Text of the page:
Tetris Director And Real Life Subjects Break Down How Accurate The Movie Really Is [Exclusive Interview]

In Apple TV+'s upcoming film, "Tetris," we're presented with the true story of Henk Rogers and Alexey Pajitnov, the two men most responsible for the worldwide takeover of one of the most addicting video games ever created. Pajitnov was the creator of the game and Rogers was the businessman who negotiated the rights with the very anti-capitalist Soviet company that Pajitnov worked for during the height of Cold War tensions between Russia and the U.S.

The resulting movie is filled with humor, tension, and even some 8-bit surreality. When I was offered the chance to talk with director Jon S. Baird and the two actual guys this movie is based on, Henk Rogers and Alexey Pajitnov, I knew I had to ask about how close to the mark the movie actually is to what happened and what incorporating those 8-bit surreal elements added to the movie.

"It wasn't really in the script, you know?" Baird explained. "There were elements of it, like 'level one,' 'player one,' and stuff like that. Little chapter breaks. But in terms of buildings or exteriors turning into that, it came in post-production, sometimes through creativity and sometimes through necessity — the exterior of Henk's apartment in Tokyo or some stuff we couldn't get without using archive footage and it would have ruined the look of the film. Those were ideas that came later as we were doing the 8-bit graphics and they all fit in with each other, so it was an organic process."

Rogers called that stylistic flourish "an incredible little trick of moviemaking," while Pajitnov pointed out that the 8-bit touches helped bridge the gap for audiences. "The game content is rather difficult and unfamiliar for many people, and with 8-bit graphics, they explain it so clearly and obviously a very complicated thing," he said. "And they definitely give you a hint as to whether it is a truthful change or just a game."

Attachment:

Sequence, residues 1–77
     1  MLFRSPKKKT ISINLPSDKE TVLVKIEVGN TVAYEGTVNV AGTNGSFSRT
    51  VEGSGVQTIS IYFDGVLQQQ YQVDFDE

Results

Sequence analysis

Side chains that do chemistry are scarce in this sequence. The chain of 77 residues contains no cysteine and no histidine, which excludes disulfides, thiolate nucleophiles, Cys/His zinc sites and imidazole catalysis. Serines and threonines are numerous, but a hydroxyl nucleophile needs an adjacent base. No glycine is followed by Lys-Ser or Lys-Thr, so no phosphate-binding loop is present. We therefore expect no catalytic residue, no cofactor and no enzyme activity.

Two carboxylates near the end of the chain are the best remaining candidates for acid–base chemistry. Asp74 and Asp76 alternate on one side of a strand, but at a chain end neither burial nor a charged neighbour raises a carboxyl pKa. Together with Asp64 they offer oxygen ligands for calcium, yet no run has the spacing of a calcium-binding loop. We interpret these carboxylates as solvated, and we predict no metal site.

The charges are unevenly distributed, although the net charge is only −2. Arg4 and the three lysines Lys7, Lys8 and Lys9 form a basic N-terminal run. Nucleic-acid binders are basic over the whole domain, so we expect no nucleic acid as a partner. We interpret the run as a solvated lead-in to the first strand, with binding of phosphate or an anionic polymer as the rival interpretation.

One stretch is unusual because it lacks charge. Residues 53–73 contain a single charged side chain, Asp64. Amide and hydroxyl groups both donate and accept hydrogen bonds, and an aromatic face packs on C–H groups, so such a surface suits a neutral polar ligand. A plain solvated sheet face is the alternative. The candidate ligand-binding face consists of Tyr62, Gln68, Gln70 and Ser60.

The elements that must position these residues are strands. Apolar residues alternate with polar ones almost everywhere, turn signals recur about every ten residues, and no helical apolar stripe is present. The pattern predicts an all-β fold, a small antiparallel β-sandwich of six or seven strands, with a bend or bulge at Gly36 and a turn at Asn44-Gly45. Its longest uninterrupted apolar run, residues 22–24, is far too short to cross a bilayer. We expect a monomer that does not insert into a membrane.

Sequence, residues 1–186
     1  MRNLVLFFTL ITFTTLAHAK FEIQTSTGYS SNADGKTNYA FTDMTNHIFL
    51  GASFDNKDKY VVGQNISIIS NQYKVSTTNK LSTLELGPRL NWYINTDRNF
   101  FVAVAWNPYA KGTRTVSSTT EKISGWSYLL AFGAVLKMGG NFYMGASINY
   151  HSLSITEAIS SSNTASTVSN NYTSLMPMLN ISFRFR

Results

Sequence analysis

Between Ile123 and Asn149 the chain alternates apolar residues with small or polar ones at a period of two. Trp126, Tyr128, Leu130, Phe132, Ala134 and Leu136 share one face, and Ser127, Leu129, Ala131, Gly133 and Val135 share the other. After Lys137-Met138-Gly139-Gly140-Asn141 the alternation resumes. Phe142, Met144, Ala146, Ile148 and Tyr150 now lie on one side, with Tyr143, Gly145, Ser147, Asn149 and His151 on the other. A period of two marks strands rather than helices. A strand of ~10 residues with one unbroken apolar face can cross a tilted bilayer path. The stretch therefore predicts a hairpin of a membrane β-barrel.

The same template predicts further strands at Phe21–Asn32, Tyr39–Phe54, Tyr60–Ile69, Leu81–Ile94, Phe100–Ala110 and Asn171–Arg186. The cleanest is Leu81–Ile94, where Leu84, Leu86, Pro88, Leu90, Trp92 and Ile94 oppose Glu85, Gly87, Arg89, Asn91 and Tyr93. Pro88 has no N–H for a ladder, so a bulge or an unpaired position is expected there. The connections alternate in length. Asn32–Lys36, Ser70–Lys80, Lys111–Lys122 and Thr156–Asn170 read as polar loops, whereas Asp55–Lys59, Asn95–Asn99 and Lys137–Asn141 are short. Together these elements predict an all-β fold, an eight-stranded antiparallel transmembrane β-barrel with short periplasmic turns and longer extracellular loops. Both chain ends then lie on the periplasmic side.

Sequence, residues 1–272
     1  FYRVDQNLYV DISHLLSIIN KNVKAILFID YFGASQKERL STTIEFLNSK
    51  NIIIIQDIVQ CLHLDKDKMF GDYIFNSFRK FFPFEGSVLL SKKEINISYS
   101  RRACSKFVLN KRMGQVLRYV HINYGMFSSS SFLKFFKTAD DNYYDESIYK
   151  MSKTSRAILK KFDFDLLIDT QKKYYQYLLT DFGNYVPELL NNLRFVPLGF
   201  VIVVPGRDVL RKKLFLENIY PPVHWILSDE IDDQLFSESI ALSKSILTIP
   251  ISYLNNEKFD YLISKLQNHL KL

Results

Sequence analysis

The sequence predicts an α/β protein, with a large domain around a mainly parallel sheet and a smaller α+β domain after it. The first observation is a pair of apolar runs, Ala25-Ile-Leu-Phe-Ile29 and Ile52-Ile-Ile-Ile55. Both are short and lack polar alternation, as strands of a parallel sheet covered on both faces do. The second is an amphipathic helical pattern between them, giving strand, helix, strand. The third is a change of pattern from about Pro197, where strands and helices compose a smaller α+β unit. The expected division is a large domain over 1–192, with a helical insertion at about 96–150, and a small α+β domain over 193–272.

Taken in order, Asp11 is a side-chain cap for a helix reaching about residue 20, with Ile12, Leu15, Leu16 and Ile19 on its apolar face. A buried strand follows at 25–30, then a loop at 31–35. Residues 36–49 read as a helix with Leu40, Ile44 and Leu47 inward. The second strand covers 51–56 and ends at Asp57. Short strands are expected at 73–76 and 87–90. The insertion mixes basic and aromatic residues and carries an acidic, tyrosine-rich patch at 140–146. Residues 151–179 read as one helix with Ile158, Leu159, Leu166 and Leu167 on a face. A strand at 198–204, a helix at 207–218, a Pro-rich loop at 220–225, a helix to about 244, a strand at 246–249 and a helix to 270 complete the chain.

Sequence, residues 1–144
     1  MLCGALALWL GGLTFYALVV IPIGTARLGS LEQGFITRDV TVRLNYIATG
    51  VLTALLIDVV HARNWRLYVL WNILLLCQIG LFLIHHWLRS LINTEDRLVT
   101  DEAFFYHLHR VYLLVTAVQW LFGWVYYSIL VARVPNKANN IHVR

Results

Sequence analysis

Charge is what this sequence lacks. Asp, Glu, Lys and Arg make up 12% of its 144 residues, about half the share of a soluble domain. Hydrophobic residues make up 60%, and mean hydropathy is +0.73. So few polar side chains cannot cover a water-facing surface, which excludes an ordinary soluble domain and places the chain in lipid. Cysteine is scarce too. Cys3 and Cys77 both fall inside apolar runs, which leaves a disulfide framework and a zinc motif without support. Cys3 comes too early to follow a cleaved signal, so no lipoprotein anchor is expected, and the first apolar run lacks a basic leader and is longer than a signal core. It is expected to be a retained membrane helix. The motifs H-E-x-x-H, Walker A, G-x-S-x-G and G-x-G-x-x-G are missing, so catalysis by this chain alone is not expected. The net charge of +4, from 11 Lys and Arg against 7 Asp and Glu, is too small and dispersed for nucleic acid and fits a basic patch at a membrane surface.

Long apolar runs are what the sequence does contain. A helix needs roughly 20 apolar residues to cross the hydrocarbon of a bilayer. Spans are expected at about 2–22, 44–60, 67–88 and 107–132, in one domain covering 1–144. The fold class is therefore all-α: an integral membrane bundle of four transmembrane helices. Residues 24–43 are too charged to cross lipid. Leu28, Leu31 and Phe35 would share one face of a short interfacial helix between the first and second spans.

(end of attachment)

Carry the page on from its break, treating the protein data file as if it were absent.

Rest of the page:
The big negotiation scene

One of the centerpiece moments of the movie is a big negotiation scene where the excitable Rogers (played by Taron Egerton) is meeting with the Soviet company ELORG's higher-ups without realizing all of his competition are in other rooms and working on their own negotiations.

When speaking with Baird, I asked him about that sequence and, to my surprise, he said it was "some of the most boring [scenes] on the page, if I'm going to be honest."

"It's reams and reams of dialogue, right? Just about the rights for a computer game! I think maybe I said this last night at the Q&A, which was the overriding thing you've got to do is cast your movie right. If you get great actors, it doesn't matter what they're saying. If you get great actors being funny, like Toby Jones, or being serious like Oleg Stefan playing Belikov, or being energetic, like Taron [Egerton] is with Henk, it's all about the performances. That's what's making the tension or drama or comedy. You can shoot it in a certain way and you can put in some music and cut it in a certain way, but ultimately it comes down to believing what the actor is saying."